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Conversion

How to Improve My Website: Grow Engagement and Conversions by Fixing 3 Common Website Problems

How to Improve My Website: Grow Engagement and Conversions by Fixing 3 Common Website Problems

When your website isn’t producing the results you want, there’s likely some kind of problem standing between website visitors and conversion. Fix that problem and you’ll see more engagement and a higher conversion rate, right?

Much of the content written about how to improve your website offers a bunch of generic tips for improving your site. And, of course, there’s a certain allure to the idea that you can just make a few small changes and radically improve your conversion rate.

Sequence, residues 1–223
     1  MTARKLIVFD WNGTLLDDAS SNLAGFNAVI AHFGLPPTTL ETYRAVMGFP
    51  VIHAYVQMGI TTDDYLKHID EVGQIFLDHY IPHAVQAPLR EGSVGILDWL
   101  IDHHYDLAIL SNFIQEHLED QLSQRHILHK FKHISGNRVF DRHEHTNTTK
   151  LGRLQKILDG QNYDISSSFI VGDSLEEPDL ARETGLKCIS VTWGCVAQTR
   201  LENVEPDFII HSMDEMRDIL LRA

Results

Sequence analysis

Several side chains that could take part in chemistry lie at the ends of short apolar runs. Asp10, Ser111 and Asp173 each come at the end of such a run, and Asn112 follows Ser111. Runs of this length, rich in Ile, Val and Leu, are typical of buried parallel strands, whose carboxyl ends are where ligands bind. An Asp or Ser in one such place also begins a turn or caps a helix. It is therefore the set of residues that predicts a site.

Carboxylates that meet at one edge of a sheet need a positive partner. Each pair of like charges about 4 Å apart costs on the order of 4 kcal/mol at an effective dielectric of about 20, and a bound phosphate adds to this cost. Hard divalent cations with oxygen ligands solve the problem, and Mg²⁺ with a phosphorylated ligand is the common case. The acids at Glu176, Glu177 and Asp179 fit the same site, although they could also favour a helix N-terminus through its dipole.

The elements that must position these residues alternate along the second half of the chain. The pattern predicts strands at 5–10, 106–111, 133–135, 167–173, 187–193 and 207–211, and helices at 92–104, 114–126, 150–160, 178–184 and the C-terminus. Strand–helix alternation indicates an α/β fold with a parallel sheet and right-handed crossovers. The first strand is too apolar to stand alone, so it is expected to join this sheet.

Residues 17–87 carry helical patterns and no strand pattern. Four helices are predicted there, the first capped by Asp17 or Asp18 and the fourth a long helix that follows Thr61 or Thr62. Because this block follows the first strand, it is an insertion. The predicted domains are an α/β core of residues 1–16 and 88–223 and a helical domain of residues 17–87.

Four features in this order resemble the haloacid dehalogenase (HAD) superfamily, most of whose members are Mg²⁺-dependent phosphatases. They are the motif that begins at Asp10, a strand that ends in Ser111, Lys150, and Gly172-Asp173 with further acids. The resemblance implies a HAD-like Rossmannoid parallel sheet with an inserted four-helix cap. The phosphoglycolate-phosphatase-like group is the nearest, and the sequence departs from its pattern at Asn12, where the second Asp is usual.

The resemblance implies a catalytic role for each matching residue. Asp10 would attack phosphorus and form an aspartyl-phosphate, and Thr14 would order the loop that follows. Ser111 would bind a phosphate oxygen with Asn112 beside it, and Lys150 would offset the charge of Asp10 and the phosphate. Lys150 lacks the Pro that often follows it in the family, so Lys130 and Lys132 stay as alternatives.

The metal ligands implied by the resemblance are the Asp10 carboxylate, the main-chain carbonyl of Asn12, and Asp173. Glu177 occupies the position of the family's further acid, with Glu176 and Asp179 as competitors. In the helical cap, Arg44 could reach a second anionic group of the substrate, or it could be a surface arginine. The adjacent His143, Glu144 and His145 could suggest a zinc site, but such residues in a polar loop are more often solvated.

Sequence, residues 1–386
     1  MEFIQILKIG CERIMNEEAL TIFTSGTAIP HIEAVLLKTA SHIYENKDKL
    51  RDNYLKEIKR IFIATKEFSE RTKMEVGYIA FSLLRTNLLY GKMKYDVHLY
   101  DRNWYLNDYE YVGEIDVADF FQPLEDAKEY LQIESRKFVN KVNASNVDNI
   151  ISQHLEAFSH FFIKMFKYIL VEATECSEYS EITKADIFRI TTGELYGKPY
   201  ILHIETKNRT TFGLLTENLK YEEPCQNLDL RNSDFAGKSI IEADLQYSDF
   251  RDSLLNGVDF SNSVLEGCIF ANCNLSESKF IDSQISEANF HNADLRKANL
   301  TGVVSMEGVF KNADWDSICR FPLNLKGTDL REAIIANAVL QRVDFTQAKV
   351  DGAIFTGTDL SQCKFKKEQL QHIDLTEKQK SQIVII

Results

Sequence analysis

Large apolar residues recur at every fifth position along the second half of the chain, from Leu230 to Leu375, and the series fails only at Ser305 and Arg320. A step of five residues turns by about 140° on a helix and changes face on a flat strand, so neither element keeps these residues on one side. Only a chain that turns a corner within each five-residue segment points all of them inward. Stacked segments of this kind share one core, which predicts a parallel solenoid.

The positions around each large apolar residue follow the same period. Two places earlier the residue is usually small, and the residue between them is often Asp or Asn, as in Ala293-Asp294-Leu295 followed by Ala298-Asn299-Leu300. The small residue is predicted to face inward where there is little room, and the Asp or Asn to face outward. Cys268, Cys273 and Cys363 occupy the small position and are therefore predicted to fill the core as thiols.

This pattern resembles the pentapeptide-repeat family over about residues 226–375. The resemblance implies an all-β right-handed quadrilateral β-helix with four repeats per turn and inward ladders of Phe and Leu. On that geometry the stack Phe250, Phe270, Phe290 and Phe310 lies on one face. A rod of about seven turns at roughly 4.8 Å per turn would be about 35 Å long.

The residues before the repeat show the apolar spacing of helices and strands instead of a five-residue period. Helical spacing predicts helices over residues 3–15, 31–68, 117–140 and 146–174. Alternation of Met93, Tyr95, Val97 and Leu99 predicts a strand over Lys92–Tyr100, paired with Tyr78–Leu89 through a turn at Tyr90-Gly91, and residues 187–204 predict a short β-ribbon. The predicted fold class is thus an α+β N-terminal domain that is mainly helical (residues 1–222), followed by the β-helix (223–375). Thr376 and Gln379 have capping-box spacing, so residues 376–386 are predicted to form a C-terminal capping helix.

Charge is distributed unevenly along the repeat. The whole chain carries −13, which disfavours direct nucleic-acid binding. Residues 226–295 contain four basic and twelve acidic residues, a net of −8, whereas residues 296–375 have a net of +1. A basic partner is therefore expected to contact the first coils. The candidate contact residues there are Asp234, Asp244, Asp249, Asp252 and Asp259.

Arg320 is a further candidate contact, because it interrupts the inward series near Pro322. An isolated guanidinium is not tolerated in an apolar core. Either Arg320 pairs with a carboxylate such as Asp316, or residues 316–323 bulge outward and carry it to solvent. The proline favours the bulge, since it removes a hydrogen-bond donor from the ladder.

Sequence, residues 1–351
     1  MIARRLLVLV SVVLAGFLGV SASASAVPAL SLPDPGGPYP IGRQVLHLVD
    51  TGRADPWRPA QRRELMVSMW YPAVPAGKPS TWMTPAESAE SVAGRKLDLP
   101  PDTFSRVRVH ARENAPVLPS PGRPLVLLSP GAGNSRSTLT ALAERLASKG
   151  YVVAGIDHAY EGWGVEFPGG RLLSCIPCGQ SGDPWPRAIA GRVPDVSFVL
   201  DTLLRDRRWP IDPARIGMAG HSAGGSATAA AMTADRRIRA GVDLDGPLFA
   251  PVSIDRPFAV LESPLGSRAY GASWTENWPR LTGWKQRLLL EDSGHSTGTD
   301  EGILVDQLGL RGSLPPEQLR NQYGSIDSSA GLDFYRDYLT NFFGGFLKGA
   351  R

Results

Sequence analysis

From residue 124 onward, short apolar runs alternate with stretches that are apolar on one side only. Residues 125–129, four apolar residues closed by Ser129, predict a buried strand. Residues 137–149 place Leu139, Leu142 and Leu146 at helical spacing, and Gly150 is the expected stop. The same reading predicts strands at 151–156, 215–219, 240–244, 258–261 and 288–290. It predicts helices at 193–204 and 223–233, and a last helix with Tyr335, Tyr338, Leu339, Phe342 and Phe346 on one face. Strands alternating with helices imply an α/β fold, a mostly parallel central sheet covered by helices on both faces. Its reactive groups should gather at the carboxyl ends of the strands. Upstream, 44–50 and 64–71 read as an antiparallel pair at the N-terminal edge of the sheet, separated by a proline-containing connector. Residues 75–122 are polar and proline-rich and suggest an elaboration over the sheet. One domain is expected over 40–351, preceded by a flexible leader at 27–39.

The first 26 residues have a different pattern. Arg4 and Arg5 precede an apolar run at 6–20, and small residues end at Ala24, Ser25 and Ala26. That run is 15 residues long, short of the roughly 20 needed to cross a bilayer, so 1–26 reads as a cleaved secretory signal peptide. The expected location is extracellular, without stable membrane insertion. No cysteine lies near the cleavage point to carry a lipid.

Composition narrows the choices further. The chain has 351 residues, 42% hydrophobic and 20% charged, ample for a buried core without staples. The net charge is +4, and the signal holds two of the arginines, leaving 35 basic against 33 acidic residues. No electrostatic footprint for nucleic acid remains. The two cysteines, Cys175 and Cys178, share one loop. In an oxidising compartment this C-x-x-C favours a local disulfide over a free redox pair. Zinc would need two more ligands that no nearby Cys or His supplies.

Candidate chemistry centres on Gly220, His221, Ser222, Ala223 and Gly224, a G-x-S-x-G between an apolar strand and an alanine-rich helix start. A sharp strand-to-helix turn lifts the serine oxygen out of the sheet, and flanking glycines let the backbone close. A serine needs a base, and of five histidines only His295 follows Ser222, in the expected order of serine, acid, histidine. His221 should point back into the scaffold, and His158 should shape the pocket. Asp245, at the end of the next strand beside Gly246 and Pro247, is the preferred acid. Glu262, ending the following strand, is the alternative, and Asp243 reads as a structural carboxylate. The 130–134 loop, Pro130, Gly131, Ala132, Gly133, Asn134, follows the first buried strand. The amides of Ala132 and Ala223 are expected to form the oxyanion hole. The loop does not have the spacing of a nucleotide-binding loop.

But to make any real progress, you need to take a step back and diagnose what’s actually wrong with your site first. Heatmaps and sessions recordings, used in conjunction with other website analytics tools like Google Analytics, are the best way to do that.

To help you improve your website and get more conversions, we share how to use Google Analytics with Crazy Egg’s heatmap reports to easily identify and fix 3 of the most common problems:

Note: Ready to uncover your visitors’ click behavior, plus how you can optimize your website for more conversions? Sign up and try Crazy Egg free for 30 days.

How to Diagnose Website Problems via Heatmap

There’s one fundamental problem that most often leads marketers to re-examine their website: a low conversion rate. If the website overall isn’t converting at a high enough rate, it’s usually a good clue that you need to look into things.

Step 1: Map Your Ideal Conversion Path